Deporting criminals Finland Immigration


 National Police Commissioner Mikko Paatero:
It’s just too unrealistic right now

It shouldn’t be unrealistic. The deportation of foreign criminals, especially if they are still citizens of their country of birth, should be a rather easy policy to implement, all that’s needed is the political will to put into action the badly needed state policies yet to be passed by Finnish lawmakers. There really isn’t too much standing in the way of enacting smart policies, if the political will is there. KGS

Officials: Deportation of All Foreign Criminals Unrealistic

Ibrahim Shkupolli, who killed five people and himself in Espoo on December 31, could not have been deported without significant changes to Finnish immigration practices, say top law enforcement and immigration officials.
In recent days, Prime Minister Matti Vanhanen and Interior Minister Anne Holmlund have publicly questioned why Shkupolli, a Kosovo Albanian, was allowed to remain in Finland despite several criminal convictions and a rejected citizenship application.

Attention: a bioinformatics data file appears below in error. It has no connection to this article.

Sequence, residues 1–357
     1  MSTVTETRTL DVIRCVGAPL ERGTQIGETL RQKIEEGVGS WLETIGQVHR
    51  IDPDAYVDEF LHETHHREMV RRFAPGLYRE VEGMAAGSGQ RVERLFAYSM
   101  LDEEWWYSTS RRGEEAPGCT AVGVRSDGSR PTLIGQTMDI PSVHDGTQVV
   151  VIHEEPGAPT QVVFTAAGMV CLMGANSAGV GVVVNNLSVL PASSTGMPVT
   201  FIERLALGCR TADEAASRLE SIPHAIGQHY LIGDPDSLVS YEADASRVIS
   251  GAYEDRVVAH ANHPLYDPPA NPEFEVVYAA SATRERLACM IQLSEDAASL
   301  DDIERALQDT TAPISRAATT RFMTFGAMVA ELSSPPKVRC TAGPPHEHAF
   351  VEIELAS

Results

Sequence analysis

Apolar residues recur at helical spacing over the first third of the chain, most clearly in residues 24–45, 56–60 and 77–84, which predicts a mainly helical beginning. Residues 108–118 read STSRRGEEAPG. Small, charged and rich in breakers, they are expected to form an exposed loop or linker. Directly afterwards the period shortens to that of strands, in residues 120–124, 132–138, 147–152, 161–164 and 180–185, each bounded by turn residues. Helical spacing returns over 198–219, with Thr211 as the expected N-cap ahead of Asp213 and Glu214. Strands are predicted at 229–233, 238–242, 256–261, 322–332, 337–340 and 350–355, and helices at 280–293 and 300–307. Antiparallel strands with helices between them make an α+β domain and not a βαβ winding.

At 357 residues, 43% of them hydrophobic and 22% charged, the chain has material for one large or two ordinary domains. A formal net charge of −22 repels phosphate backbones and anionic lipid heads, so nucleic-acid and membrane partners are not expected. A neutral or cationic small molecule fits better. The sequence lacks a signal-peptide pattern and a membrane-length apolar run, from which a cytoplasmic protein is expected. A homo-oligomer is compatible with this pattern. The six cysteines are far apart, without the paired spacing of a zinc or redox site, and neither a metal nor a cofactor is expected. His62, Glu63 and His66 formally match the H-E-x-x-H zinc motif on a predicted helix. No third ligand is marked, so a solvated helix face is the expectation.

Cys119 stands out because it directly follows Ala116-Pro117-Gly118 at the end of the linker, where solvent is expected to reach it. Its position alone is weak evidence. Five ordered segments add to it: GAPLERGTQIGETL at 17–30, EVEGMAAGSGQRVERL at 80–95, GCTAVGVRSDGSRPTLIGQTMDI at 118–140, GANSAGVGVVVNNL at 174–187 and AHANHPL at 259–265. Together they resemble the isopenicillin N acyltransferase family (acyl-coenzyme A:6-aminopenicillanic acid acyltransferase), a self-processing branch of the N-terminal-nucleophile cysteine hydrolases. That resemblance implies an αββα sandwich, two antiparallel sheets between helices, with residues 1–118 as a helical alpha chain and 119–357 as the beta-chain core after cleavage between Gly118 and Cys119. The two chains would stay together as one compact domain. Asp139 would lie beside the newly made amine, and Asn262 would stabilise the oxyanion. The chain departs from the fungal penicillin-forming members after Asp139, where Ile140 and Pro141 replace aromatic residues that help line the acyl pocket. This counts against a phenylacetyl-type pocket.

If politicians intend to lower the threshold for deportation to a level that might have prevented the Sello shopping mall shootings, major changes would have to be made to current legislation.
“Our judicial and administrative court procedures would have to be changed significantly,” National Police Commissioner Mikko Paatero told YLE. “Hundreds of people who would have to be deported.”

One Response

  1. HUNDREDS would have to be deported?!? Perish the thought! No developed Western democracy could pull that off! Instead of making changes to "judicial and administrative court procedures", why not keep those blinders on and continue barreling down the same path that's worked out so well for so many other European countries?

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